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FASB ASU 2018-08, Topic 958, Clarifying the Scope and Accounting Guidance for Contributions Received and Contributions Made

The Financial Accounting Standards Board’s (“FASB’s) release of Accounting Standards Update (“ASU”) 2014-09, Topic 606, Revenue from Contracts with Customers, in 2014 caused the accounting industry to question if grant revenue, particularly grants from governmental entities, should be subject to the new standard as an exchange transaction.  There had already been previous inconsistency in the not-for-profit sector regarding the treatment of such grants as either exchange transactions or as contributions.  The American Institute of Certified Public Accountants (“AICPA”) created a task force to develop guidance on the application of the revenue recognition standard. The task force responded to the FASB and the AICPA that the “grey area” needed to be clarified.  The FASB then added the project to their agenda. 

On June 21, 2018, FASB issued ASU 2018-08, Topic 958, Clarifying the Scope and Accounting Guidance for Contributions Received and Contributions Made.  The new guidance clarifies what is an exchange transaction, of which revenues would be reported under Topic 606, and what is a contribution reported under Topic 958.  Practitioners may be surprised to learn that transactions once considered “exchange-type” may in fact have been contributions all along.

The new guidance presents three key considerations for the not-for-profit to walk through in order to determine what type of transaction transpired.

  1. Determine if the transaction is an exchange, third-party payer, or a contribution. An exchange is where commensurate value is received by the resource provider and a recipient. Commensurate value is NOT achieved by: 1) the resource provider executing their mission through the transfer of assets; or 2) the general public receiving benefit from resources provided through another entity, such as a government agency. A third-party payer is where no commensurate value is received by the resource provider AND the resource provider is paying on behalf of an existing exchange transaction between the recipient and an identified customer.  A contribution is where no commensurate value is received by the resource provider AND they are not a third-party payer.

    For example:  A grant from the federal government to a not-for-profit to support the dissemination of information on brain trauma ultimately benefits the general public and under this guidance would be considered contribution revenue; however a PELL grant received from the government by a school where the benefactor is not the general public, but instead a particular individual who is receiving education over a defined period of time, would be treated as amounts received from a third-party payer as payment towards an existing contract between the school and the student.
  2. If the not-for-profit has determined the transaction is a contribution, it has to determine if it is conditional or unconditional.  A conditional transaction is an agreement which includes BOTH a ‘barrier’ that must be overcome AND either a ‘right of asset return’ or ‘release of promise to give.’ Ambiguous donor stipulations are presumed to be conditional if not clearly unconditional. Barrier indicators are 1) measurable performance requirements before entitlement to assets; or 2) stipulations related to the purpose of the agreement or limiting recipient discretion in conducting an activity.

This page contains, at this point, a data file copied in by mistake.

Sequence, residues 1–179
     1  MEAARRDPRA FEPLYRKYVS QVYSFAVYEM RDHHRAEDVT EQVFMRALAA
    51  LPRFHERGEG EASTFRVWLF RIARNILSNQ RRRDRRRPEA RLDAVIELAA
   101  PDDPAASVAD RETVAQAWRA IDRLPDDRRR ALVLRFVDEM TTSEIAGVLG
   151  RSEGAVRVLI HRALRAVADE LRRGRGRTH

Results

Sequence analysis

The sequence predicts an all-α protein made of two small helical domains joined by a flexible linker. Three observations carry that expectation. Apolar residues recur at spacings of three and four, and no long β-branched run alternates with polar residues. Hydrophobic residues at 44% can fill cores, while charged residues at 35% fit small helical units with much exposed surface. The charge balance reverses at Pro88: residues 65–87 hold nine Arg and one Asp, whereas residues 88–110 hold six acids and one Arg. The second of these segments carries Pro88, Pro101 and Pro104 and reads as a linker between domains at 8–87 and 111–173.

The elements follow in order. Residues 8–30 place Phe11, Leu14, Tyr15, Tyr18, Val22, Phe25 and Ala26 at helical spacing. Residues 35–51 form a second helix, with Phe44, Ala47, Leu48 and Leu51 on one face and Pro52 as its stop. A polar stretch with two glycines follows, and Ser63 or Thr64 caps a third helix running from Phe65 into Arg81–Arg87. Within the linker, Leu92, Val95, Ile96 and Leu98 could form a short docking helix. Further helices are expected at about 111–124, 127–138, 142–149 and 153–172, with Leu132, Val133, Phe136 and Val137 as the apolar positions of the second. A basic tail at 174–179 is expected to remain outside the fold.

3. If a contribution is unconditional, determine if it is restricted or unrestricted.

For transactions in which an entity is either a public business entity or an not-for-profit that has issued, or is a conduit bond obligor for, securities that are traded, listed, or quoted on an exchange or an over-the-counter market and serves as a resource recipient, the entity should apply any changes to its financial statements due to ASU 2018-08 with annual periods beginning after June 15, 2018, including interim periods within those annual periods. All other entities should apply the changes due to ASU 2018-08 for transactions in which the entity serves as the resource recipient to annual periods beginning after December 15, 2018, and interim periods within annual periods beginning after December 15, 2019. 

For transactions in which an entity is either a public business entity or an not-for-profit that has issued, or is a conduit bond obligor for, securities that are traded, listed, or quoted on an exchange or an over-the-counter market and serves as a resource provider (for example, a corporate foundation, a corporation, or an not-for-profit ), the entity should apply any changes to its financial statements due to ASU 2018-08 with annual periods beginning after December 15, 2018, including interim periods within those annual periods. All other entities should apply the changes due to ASU 2018-08 for transactions in which the entity serves as the resource provider to annual periods beginning after December 15, 2019, and interim periods within annual periods beginning after December 15, 2020.  

This accounting guidance is to be applied on a modified prospective basis.  Retroactive application is permitted. Early adoption is also permitted.

 

Craig Maurer is a Manager in the Not-for-Profit Services Group. His experience includes the planning and administration of audits of the financial statements and employee benefit plans of a variety of not-for-profit entities.

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